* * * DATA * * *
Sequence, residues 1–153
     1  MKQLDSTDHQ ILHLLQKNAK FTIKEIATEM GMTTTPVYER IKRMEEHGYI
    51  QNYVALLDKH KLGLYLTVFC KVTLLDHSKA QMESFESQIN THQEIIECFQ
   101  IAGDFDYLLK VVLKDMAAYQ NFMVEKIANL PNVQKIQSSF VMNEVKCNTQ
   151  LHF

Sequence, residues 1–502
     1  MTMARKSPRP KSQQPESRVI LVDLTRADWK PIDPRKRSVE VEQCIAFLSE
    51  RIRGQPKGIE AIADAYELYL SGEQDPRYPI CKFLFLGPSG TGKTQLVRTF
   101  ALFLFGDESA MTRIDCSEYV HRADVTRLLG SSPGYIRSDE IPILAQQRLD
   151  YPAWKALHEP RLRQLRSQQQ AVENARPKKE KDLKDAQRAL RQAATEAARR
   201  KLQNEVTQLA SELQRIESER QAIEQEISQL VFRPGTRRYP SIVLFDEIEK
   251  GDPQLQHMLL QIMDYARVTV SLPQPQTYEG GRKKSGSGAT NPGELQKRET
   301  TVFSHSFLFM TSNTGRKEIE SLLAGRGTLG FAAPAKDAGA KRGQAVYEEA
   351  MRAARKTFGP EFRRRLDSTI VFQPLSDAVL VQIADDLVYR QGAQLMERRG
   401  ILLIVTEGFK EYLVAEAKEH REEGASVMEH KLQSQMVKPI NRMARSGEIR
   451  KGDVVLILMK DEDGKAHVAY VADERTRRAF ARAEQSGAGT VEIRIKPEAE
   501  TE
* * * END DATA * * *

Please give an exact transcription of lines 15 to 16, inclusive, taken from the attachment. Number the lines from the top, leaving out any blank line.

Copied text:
   401  ILLIVTEGFK EYLVAEAKEH REEGASVMEH KLQSQMVKPI NRMARSGEIR
   451  KGDVVLILMK DEDGKAHVAY VADERTRRAF ARAEQSGAGT VEIRIKPEAE